Gidon Kremer and the CBSO


THE REHABILITATION OF A PERSECUTED COMPOSER

GIDON KREMER
by Christopher Morley

When Gidon Kremer was courteously answering the questions I had sent him for this interview he was busy preparing for a chamber music concert to be given in New York a couple of days later. Featuring on the programme would be music by the Soviet composer Mieczyslaw Weinberg.

Kremer can be given much of the credit for our welcome awareness of someone whose music has gone largely unknown in the west until now, but whose story is packed with drama.

Weinberg was born in Poland in 1919, but , as a Jew, had to flee eastwards at the beginning of World War II to avoid Nazi persecution. He then changed his given name to "Moisey" to avoid anti-Polish prejudice. Meeting Shostakovich, who became a close friend and colleague, he settled in Moscow, where he worked with many of Russia's most illustrious performers -- and where he was jailed in 1953 for "Jewish bourgeois nationalism".

It was while searching for new material for his Kremerata Baltica, the youthful orchestra Gidon founded in 1997, that he first came across the music of Weinberg.

"One by one, many opuses turned out to be simply wonderful, most of them based on great messages and an incredible sophisticated way of handling sound and forms," he enthuses. "It has to be said that Weinberg always had as well a very strong and unique sense for melody.

"Even after having recorded four CD's of his music, with Kremerata as well as by myself, I am still very eager to continue to discover his scores - there is so much more, it simply must become known.

"To this collection of jewels undoubtedly belongs the "Kaddish" Symphony and the Symphony No.2, another wonderful work recorded with Mirga Gražinytė-Tyla and the CBSO which will be on the new Deutsche Grammophon CD.. These days the 24 Preludes, re-written by myself from the cello original to violin, have also been released on CD. What should I say? Sheer masterpieces.

" I am sure Weinberg's closest friend Dmitry Shostakovich would appreciate this renaissance of interest in his music. It's wonderful to have had the chance to contribute to it but I do hope thoroughly that other colleagues of mine will follow my mission."

Gidon Kremer is this season's artist-in-residence with the CBSO, and has already given hugely successful concerts in Birmingham both with the orchestra, and solo at the CBSO Centre. Weinberg, in this year celebrating his centenary, figures strongly in the programme line-up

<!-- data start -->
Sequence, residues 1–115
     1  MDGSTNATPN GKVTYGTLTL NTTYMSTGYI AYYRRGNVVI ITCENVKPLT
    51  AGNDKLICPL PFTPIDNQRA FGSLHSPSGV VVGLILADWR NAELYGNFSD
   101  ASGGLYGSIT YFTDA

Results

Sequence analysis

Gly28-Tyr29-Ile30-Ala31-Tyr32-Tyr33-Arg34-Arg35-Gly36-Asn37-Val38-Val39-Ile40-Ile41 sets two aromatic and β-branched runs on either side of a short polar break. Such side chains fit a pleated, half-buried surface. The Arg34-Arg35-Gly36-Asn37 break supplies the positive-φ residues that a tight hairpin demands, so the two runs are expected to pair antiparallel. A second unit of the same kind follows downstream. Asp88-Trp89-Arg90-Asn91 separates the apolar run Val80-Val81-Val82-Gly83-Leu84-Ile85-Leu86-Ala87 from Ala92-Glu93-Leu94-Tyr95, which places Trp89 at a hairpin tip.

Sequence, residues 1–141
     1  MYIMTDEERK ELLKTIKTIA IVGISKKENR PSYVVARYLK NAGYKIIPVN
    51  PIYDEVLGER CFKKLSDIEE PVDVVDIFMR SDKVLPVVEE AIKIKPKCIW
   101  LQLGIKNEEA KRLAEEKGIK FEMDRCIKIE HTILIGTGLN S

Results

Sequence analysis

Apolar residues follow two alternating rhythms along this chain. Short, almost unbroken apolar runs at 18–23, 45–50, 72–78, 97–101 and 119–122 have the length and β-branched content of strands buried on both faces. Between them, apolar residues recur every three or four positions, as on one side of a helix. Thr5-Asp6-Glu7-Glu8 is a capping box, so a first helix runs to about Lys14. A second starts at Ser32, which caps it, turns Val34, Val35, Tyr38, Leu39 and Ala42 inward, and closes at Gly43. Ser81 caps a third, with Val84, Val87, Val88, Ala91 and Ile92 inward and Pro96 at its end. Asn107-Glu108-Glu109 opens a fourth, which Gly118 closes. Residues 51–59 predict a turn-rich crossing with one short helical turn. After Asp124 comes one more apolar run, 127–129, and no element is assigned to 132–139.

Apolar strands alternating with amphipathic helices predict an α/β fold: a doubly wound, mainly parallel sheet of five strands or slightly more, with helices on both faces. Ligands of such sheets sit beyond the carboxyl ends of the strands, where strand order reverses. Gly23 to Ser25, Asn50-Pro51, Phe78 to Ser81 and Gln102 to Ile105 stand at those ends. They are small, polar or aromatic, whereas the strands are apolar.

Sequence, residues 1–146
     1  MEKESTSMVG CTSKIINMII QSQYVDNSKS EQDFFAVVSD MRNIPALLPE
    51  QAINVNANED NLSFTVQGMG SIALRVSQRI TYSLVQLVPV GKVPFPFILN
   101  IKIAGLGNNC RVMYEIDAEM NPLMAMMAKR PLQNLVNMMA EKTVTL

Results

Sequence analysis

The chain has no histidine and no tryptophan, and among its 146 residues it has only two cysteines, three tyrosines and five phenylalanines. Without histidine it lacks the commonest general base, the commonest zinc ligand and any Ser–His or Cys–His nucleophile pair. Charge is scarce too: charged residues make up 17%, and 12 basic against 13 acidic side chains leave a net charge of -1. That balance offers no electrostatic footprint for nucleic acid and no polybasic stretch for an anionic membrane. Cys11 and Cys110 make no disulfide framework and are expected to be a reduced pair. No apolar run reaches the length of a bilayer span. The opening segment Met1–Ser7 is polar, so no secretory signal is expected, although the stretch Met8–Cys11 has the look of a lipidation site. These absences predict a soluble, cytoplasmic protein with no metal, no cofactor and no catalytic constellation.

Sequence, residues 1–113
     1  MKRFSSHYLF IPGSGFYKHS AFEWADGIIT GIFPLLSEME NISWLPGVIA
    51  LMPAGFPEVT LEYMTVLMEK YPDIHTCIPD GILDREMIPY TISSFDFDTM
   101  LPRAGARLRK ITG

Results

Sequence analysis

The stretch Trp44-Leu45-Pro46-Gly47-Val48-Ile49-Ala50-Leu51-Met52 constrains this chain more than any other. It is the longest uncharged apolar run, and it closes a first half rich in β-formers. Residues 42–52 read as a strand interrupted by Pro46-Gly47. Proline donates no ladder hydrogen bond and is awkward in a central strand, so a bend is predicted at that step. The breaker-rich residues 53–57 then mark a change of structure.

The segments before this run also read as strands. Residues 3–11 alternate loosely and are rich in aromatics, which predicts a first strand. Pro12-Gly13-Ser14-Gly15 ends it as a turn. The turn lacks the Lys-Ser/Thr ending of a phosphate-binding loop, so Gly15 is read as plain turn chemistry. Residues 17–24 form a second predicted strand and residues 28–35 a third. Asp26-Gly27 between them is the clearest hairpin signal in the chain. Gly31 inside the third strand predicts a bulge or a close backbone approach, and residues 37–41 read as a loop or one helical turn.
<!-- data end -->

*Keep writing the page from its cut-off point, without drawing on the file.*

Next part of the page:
"The performance last autumn of his last finished symphony, Symphony No. 21 "Kaddish", with the joint forces of the CBSO and Kremerata Baltica under the great musician Mirga Gražinytė-Tyla, became an event which nobody who was on stage or in the audience will ever forget," says Gidon. "We are so lucky that the live recording will be released in May on the DG label. It will allow all of us to have and keep a document of music history. I myself was privileged, together with my young musicians, to be a part of this performance.”
The CBSO has long had a rewarding relationship with Baltic musicians, from Neeme Jarvi and Okko Kamu , through Sakari Oramo and Andris Nelsons, right up to Mirga. What is it about the Baltic region which gives the world so many wonderful musicians?

"I think Baltic musicians are aware of their mission to deliver honest and sincere messages," Gidon replies.

"This is especially valuable in our time, when classical music (due to a commercial approach by the marketing departments) is becoming more and more a matter of 'sales' and is being pushed to focus on big names and popular items.

"The approach of Baltic composers and performers - and this is something Mirga and I undoubtedly share - is suffering less from these impositions. We are still searching for 'messages' in music and are trying to serve it instead of simply trying to use it for superficial reasons."

*Gidon Kremer plays the Weinberg Violin Concerto with the CBSO on Sunday March 31 (7pm). Mirga  Grazinyte-Tela's  programme  in this concert organised in collaboration with the Adam Mickiewicz Institute as part of the Polska Music Programme  also includes the UK premiere of Weinberg's The Golden Key Suite no.4, as well as Schubert's Unfinished Symphony (details on 0121-780 3333 and on the CBSO website).

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